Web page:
Historically, we were diverting cardboard in compactors, and in most of our stores we are shifting over to doing that in a cardboard baler and so that’s usually about five years or less in terms of an ROI. But again, it depends on how far that store is from the cardboard recycling destination and how much cardboard they generate, so those are the two factors that impact whether that’s a longer or shorter ROI.
We only have solar panels on one store and that has a much longer ROI. So those types of initiatives that require a considerable capital investment, and then ongoing maintenance and repair, and then the factors related to changing electricity rates are a harder sell just because there are so many unknowns in the future that you can’t always calculate in advance.
The jury is still out on the solar panel’s ROI.
Besides the carbon footprint calculator, how do you measure the performance of Harmons’ sustainability efforts?
I kind of divide them into metrics that the store has some control over, and then to those that are more influenced by sort of the equipment and the systems in the store and the age of the store.
All of our stores are evaluated according to seven different metrics on a monthly basis. And so our stores tend to be fairly competitive, and so these are things their associates are engaged in.
So we’re looking at waste diversion. What percentage of the waste are they diverting from the landfill at each store? We’re looking at tonnage rates. How full are their compactors when they’re being hauled? That’s a measure of, if your compactor is half full, there’s a greater emissions footprint per ton of waste and you’re spending a larger amount per ton of waste to dispose of it.
We’re also considering reusable bag sales. Are stores giving bag credit for every bag that comes through checkouts? They conduct different audits each month to make sure that they don’t have contamination they’re recycling in their green waste. They have a training score. Are all their associates up to date on their sustainability-related trainings? And then how much paper are they using in their store on a monthly basis?
Each store is also supposed to hold a Sustainability Committee meeting, so that the management team meets and discusses their metrics, discusses successes and goals and objectives going forward. Any sort of lessons learned that they could share with other stores and then send those notes to me.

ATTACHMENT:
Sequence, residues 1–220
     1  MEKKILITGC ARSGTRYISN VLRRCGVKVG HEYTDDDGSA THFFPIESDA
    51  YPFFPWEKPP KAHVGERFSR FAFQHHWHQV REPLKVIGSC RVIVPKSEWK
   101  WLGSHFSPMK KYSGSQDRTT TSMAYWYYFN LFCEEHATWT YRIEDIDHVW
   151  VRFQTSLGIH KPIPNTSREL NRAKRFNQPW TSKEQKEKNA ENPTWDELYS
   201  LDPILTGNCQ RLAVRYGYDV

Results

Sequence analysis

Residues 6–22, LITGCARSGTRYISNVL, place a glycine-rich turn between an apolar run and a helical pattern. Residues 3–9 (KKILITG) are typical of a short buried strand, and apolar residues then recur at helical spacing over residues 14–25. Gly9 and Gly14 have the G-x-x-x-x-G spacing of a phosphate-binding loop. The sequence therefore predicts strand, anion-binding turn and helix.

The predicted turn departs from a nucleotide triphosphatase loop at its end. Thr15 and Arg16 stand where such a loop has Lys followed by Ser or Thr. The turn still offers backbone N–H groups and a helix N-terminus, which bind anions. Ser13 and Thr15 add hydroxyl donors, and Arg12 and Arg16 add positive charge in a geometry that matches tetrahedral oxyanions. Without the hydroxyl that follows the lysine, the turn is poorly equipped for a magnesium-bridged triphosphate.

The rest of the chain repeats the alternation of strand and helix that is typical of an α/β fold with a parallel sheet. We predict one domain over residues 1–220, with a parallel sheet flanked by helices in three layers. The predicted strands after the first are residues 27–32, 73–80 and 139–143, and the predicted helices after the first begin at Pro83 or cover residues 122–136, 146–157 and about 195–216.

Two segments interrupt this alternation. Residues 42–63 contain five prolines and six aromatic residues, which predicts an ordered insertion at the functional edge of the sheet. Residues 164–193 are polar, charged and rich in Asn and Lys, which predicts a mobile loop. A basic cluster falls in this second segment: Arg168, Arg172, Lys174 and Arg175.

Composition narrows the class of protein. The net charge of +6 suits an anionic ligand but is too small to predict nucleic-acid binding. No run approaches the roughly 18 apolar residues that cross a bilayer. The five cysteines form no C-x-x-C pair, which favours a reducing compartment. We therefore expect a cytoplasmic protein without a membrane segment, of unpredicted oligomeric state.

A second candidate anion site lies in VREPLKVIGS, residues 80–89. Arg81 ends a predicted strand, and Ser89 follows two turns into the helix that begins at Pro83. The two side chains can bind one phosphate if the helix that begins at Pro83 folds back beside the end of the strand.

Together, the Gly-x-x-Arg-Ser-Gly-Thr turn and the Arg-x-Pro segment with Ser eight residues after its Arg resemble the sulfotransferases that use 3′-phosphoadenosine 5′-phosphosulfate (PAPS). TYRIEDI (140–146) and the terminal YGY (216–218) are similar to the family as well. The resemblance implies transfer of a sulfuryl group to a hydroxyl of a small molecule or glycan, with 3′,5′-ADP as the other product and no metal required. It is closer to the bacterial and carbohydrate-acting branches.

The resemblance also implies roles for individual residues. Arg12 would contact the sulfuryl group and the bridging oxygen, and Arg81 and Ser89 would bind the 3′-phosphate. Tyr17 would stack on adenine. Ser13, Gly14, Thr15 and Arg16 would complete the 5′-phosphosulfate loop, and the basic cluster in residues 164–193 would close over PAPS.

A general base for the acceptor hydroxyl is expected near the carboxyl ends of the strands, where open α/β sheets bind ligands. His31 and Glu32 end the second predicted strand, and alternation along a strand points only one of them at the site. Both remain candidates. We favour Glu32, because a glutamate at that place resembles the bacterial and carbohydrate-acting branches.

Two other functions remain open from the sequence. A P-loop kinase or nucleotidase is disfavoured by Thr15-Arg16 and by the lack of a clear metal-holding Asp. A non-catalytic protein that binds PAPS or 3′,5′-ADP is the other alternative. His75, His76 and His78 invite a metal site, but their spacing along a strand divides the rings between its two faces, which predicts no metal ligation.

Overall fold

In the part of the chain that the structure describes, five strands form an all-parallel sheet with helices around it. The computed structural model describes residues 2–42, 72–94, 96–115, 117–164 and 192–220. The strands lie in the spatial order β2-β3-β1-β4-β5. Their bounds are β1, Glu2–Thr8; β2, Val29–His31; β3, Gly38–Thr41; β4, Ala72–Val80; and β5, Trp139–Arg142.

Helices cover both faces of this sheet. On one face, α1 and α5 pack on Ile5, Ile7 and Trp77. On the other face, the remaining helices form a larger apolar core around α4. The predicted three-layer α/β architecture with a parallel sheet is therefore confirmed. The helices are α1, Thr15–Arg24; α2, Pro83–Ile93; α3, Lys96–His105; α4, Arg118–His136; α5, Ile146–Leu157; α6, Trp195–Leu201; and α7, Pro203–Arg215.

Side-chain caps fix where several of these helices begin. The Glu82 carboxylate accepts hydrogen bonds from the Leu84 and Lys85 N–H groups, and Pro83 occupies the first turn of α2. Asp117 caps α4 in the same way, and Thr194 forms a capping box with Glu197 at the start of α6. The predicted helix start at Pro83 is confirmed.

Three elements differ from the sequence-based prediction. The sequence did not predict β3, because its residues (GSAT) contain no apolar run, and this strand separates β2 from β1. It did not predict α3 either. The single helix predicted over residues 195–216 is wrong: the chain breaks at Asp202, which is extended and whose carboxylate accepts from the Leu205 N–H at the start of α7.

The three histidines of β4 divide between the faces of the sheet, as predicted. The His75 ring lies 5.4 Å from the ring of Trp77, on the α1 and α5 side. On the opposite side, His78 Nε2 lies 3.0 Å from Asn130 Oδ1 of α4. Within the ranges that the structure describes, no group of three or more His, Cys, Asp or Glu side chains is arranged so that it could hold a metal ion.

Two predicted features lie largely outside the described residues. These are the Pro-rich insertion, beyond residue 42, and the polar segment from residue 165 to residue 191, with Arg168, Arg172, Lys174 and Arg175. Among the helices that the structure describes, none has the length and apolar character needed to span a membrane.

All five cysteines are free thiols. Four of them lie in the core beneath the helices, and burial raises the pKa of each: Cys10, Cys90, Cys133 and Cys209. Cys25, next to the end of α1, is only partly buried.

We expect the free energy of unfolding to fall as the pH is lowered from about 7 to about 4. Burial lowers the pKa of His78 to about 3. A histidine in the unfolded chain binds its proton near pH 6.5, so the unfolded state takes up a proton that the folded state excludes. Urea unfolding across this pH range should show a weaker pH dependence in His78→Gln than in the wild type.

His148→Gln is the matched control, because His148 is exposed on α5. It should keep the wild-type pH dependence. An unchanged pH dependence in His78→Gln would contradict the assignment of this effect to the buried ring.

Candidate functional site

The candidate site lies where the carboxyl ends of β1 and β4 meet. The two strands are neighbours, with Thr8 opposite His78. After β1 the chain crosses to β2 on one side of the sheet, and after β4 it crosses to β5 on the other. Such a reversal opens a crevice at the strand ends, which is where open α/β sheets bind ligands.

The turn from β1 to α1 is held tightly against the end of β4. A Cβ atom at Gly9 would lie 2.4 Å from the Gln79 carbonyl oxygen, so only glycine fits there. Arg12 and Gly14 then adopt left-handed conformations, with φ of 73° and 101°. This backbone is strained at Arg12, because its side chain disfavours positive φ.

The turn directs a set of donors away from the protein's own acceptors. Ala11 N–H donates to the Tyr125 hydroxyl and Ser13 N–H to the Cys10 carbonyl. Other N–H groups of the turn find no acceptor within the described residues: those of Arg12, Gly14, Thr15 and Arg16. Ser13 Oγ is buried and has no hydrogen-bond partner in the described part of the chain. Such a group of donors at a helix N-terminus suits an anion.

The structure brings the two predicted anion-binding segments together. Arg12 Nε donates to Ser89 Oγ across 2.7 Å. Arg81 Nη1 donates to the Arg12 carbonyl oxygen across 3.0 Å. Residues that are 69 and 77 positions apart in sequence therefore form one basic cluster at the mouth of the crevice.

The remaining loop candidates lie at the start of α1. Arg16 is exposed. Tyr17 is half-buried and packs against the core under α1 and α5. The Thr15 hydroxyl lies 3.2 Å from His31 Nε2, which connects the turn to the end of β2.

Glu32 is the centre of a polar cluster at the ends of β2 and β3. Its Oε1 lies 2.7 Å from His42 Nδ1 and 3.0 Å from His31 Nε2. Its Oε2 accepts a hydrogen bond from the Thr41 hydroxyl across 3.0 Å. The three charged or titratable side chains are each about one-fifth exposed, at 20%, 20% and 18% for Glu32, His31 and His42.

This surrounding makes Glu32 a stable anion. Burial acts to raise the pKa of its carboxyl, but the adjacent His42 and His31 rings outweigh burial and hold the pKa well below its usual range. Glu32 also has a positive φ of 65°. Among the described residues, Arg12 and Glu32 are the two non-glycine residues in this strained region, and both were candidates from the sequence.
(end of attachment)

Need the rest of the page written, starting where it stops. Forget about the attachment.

These are things that, in the grand scheme of things, in terms of emissions, probably don’t have the largest impact, but they’re ways to engage associates in these topics and educate associates around sustainability issues that are impacting stores.
What would you say are some of Harmons greatest sustainability achievements so far? What were some of its biggest challenges to overcome?
I feel like we’ve been doing a great job on waste. I think we’ve seen a steady increase in our diversion rate over the last three years and we’re nearing that 60% mark of waste by weight diverted from the landfill, which I’m really proud of our stores for all of the effort that they’ve invested in that number.
We’ve made a lot of progress when it comes to lighting. We’re almost done with lighting in terms of converting all of our stores to LED lighting. We’re pushing towards putting doors on our refrigerated cases, which reduces energy use by about 60%. And then in terms of refrigeration gases and shifting over those lower GWP (global warming potential) gases is also something I’m proud of.
In terms of going forward, packaging is something we’re just starting. We’ve got some great more sustainable options, but I’d really like to make sure that everything that’s going out of our stores and that we’re packaging ourselves in-stores is more sustainable.
Renewable energy is another area. Over time, I’d like to shift this over to renewable energy at all of our stores. We’re expanding our electric vehicle charges. At this point, I think we have four locations that have EV chargers, but eventually, I’d like to have chargers at every station. There are a number of different initiatives I’d like to expand.